[Ip-health] IUT: U.S. TPP IPR Proposal Accused Of Violating Human Rights For Health

Peter Maybarduk pmaybarduk at citizen.org
Fri Mar 25 09:00:12 PDT 2011

Inside U.S. Trade - 03/25/2011 
U.S. TPP IPR Proposal Accused Of Violating Human Rights For Health 
Posted: March 24, 2011 

A group of public health advocacy organizations and academics this week filed an "urgent appeal" to the United Nations alleging that the U.S. proposal for intellectual property rights (IPR) in the Trans-Pacific Partnership (TPP) negotiations violates human rights by restricting access to affordable medicines and harming public health.
The March 22 appeal was sent to Anand Grover, the U.N. special rapporteur on the right of everyone to the enjoyment of the highest attainable standard of health. Grover has accepted the appeal, according to an informed source.
Through the appeal process, the rapporteur will pose questions to the relevant government. The responses will be submitted in an annual report to the U.N. High Commissioner for Human Rights, the source said.
The appeal was signed by Knowledge Ecology International (KEI), which initially leaked the U.S. draft IPR chapter, and a number of other international health organizations and legal academics.
The director of KEI, James Love, said he hoped that the contents of the appeal will get circulated to other TPP countries, and that the issue could get increased attention at the next round of negotiations in Singapore.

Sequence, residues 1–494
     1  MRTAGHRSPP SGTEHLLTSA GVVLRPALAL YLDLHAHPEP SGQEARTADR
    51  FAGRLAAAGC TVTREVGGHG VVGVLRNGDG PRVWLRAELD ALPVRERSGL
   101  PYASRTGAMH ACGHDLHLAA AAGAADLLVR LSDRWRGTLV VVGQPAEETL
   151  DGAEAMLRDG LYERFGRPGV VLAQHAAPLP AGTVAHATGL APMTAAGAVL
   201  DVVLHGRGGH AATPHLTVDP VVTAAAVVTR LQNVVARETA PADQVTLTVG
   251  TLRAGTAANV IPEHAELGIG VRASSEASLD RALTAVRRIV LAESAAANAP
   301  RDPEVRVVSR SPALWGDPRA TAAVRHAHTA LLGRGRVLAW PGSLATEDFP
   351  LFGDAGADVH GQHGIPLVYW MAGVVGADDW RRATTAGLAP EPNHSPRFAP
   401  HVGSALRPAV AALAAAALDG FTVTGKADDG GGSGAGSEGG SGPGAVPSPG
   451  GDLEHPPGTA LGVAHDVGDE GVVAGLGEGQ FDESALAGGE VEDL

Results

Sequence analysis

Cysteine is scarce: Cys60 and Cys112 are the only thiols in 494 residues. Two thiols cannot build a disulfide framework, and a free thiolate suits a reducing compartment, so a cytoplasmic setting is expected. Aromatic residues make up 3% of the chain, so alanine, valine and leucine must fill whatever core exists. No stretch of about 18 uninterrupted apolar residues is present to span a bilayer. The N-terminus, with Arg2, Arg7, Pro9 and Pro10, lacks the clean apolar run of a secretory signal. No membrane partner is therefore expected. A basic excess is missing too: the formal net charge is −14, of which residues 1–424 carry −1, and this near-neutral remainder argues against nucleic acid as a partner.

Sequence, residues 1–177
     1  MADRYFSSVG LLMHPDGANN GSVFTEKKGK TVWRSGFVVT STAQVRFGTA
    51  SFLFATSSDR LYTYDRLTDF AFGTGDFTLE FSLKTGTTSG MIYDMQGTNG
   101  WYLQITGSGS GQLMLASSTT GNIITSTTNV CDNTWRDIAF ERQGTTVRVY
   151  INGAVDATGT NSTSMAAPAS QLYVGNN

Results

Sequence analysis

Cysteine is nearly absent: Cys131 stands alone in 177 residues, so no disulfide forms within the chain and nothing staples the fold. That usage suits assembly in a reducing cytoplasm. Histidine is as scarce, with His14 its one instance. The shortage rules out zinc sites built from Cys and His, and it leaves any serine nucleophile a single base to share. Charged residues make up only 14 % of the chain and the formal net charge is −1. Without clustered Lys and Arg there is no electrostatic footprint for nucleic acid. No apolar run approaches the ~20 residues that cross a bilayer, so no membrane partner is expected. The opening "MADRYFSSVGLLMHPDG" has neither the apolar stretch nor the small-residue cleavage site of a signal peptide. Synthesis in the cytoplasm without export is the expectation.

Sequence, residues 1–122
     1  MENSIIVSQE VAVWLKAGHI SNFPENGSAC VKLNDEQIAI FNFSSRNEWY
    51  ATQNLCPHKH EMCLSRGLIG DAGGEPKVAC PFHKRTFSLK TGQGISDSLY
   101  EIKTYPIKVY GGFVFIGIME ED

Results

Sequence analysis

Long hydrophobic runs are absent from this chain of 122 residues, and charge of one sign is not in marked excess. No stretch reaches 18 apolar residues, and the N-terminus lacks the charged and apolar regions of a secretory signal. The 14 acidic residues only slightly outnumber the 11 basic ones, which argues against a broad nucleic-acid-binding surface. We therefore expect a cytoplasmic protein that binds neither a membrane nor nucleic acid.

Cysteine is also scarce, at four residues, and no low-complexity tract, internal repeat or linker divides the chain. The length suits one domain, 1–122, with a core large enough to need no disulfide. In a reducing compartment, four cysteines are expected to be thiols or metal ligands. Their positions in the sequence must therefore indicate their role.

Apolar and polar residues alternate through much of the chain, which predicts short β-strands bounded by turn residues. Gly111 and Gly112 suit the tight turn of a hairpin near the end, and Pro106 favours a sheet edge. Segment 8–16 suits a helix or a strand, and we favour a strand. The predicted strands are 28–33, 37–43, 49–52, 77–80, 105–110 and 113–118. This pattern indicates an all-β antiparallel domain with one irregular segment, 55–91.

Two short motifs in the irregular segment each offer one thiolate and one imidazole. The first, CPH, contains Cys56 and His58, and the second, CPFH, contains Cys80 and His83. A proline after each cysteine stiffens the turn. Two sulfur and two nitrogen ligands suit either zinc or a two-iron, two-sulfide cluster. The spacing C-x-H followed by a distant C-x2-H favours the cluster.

Although the rapporteur's findings are confidential until they are documented in an annual report to the high commissioner, one source said the fact that a rapporteur is considering an appeal often gives a specific issue better visibility because the initial complaint is often widely publicized.
The complaint is based on six elements. First, it charges that the secrecy of the negotiations violates human rights because people affected by the agreement are unable to influence the outcome of the negotiations.
Second, it charges that the United States is unfairly advantaged in the negotiations because of its economic muscle. Of the combined gross domestic product (GDP) of the nine TPP partners, the United States economy makes up 88.6 percent of that whole, the complaint points out.
Third, the United States has made proposals in the TPP talks that exceed what is required by the World Trade Organization Agreement on Trade-Related Aspects of Intellectual Property Rights (TRIPS).
Fourth, the groups allege that the United States is expected to propose tough measures on patent protections that will make it more difficult to produce inexpensive medications by exceeding WTO obligations. Fifth, the appeal argues that obligations in the U.S. proposal for protecting medical technologies will undermine efforts to create, sustain or develop legal guarantees of universal access to medical care.
Finally, the appeal argues that the U.S. proposal omits obligations for trading partners to act together to address development concerns, such as supporting funding for global AIDS programs, making investments in priority medical research and development or sharing access to government-funded research.

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